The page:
FERNDALE – Today, alongside transgender allies and activists, Secretary of State Jocelyn Benson announced that her administration has revised the policy for changing the sex-indicator on a driver’s license or identification card. This action reverts state policy back to previously existing procedures that made it easier for transgender people to obtain ID. Studies show that nearly 81 percent of the transgender population in Michigan lacks proper identification.
“One of my goals is to reduce barriers for marginalized communities to participate fully in our society. The transgender community has faced both marginalization and violence without proper identification,” Benson said. “This change returns to a policy that was in place before the issue was politicized, and that was utilized by both a Republican and Democrat secretary of state.”
Effective today, individuals who would like to correct the sex designation on their license or ID card will only need to fill out a form, go to a branch office to have their photo taken and pay the $9 correction fee for a driver’s license or $10 for a state ID. They will no longer need to provide a birth certificate, passport or court order. The form is available on the department’s website at Michigan.gov/SOS and at all branch offices.
Roz Keith is the executive director of Stand With Trans, a nonprofit that supports transgender youth. She was in attendance at the event and said that for a limited time anyone who could not afford the fee to change their ID could send her an email at email@example.com and “put $9 in the subject line” to receive help with their costs.
Lilianna Angel Reyes addresses the crowd.
“The fact that we now have people in place like Secretary Benson to make these changes is huge. We’re moving toward more equality in Michigan, which is the way things need to be,” she said. “I feel really privileged to be a part of this announcement today, and Stand With Trans is one of several organizations that is going to provide some funding.”
Joining Benson at the news conference were David Garcia, executive director of Affirmations; Jey’nce Poindexter, transgender specialist/victims advocate for Equality Michigan and vice president of communication and organizing at the Trans Sistas of Color Project; Lilianna Angel Reyes, youth drop-in director at the Ruth Ellis Center and executive director of Trans Sistas of Color Project; and Jay Kaplan, ACLU of Michigan attorney with the Nancy Katz and Margo Dichtelmiller LGBT Rights Project.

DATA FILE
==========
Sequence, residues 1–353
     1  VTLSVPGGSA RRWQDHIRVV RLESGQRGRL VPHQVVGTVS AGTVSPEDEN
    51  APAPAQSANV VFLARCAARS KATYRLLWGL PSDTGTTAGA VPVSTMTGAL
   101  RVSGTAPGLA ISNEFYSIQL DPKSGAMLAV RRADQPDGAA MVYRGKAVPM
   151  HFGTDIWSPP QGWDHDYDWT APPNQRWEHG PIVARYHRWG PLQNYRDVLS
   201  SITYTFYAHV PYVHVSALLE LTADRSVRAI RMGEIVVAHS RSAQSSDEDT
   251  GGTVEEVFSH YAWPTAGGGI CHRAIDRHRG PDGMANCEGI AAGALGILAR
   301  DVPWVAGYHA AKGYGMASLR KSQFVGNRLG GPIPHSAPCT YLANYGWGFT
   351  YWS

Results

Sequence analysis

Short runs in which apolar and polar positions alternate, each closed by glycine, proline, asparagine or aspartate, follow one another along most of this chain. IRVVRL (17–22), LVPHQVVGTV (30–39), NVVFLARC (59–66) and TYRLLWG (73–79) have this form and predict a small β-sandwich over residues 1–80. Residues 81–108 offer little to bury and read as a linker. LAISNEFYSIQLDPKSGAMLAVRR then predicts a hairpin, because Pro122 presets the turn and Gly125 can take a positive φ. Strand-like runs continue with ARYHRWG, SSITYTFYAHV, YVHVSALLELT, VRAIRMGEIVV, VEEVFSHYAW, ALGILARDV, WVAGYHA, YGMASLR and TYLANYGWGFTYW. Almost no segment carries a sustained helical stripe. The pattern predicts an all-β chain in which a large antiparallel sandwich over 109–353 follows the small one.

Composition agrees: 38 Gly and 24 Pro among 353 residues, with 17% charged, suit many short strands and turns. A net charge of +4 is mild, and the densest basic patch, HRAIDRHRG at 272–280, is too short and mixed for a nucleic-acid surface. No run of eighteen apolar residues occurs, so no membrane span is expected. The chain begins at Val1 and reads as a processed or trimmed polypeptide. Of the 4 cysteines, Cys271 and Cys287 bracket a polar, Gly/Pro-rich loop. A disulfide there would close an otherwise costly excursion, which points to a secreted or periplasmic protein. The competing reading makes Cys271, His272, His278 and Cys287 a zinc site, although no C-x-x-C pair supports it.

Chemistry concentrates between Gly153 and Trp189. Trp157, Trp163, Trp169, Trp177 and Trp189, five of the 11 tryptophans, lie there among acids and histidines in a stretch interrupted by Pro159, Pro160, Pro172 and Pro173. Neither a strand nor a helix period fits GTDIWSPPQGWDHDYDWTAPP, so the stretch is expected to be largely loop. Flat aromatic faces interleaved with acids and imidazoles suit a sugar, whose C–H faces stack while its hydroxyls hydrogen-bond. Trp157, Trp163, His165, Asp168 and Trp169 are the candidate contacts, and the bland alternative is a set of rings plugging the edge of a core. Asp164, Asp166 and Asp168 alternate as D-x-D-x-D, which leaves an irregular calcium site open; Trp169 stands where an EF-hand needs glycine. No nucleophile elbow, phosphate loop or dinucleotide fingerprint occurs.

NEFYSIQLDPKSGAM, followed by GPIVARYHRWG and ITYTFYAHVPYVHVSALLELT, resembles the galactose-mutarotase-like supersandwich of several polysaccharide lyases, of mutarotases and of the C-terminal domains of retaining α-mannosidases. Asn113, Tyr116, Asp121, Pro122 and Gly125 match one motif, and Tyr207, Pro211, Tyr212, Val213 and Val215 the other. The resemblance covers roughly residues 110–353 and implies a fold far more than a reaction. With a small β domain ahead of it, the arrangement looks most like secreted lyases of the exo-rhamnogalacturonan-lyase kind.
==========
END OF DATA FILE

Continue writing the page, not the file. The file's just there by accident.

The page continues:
Poindexter perhaps emphasized the importance of this change best when she gave a real-life example of a transgender woman who experienced discrimination because her gender marker did not match up with her presentation.
“We had a situation where a young lady was downtown. She was outside of a bar. After a bouncer confirmed her biological ID, her card was burned, and they were standing there threatening to beat her and chase her down,” Poindexter said. “So that’s the importance of an ID that aligns with your presentation. It’s a matter of life and death for us, and we thank you so much for making this right.”
She added that proper identification in the transgender community reduces the chances for misunderstandings to occur when interacting with law enforcement, health care providers and others.
Reyes’ message was similar. She referenced the fact that changing her own gender identity marker at 19 was a long and difficult process, and she drew attention to the fact that violence against transgender women is far too common.
“Trans women of color have the life expectancy, throughout the United States, of about 35. I’m 34, so my life expectancy is pushing it, and it’s scary,” she said. “… So, I’m so excited to be in this space right now, because I know that policy would help a lot of people. Most trans people, actually over 50 percent of trans people, attempt suicide in this country. And so, small policies like this, those systemic policies, help create longer lives and more successful people, and we just want to be happy.”
Kaplan pointed out that though Benson’s office did not do a radical thing by reverting to the old policy, but they did “the right thing.”
“We must fully welcome transgender community members into everyday life and policies, what secretary of state’s office has done today is not a radical thing, but it is the right thing, it’s the just thing and it’s the humane thing,” he said.
Benson also mentioned that she has started cultural competency training for all 131 Secretary of State branch offices across Michigan to better deal with LGBTQ issues in the future. To do this effectively, she is working with Affirmations and other LGBTQ organizations in Michigan.
“We found upon taking office that many of our branch office employees received no training on customer service or interaction with customers of any background, and so this is part of a holistic effort to ensure that the hard-working branch office employees are more consumer- and customer-friendly and have the training and resources to do that,” she said. “We also want to ensure across the board that the expectation is clear that when someone walks into our office they will be treated with dignity and respect. And this is also a reflection of our commitment to ensuring that that is the expectation for all employees.”